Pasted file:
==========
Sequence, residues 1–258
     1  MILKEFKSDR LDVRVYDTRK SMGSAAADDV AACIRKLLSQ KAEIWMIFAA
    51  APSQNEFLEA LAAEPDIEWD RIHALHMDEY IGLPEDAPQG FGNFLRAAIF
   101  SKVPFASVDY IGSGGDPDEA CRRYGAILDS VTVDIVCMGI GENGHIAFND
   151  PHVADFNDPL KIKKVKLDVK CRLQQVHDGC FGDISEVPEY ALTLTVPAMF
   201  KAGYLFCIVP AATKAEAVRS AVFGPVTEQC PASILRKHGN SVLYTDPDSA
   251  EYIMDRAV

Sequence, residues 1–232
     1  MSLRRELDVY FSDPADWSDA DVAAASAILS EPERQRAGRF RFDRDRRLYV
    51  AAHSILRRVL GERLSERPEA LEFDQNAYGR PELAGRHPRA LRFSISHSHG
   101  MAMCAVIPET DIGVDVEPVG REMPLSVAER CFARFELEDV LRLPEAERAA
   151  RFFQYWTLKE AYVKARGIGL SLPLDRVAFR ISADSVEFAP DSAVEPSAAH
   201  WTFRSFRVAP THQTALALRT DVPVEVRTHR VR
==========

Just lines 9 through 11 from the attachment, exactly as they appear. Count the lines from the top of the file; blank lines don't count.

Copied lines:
     1  MSLRRELDVY FSDPADWSDA DVAAASAILS EPERQRAGRF RFDRDRRLYV
    51  AAHSILRRVL GERLSERPEA LEFDQNAYGR PELAGRHPRA LRFSISHSHG
   101  MAMCAVIPET DIGVDVEPVG REMPLSVAER CFARFELEDV LRLPEAERAA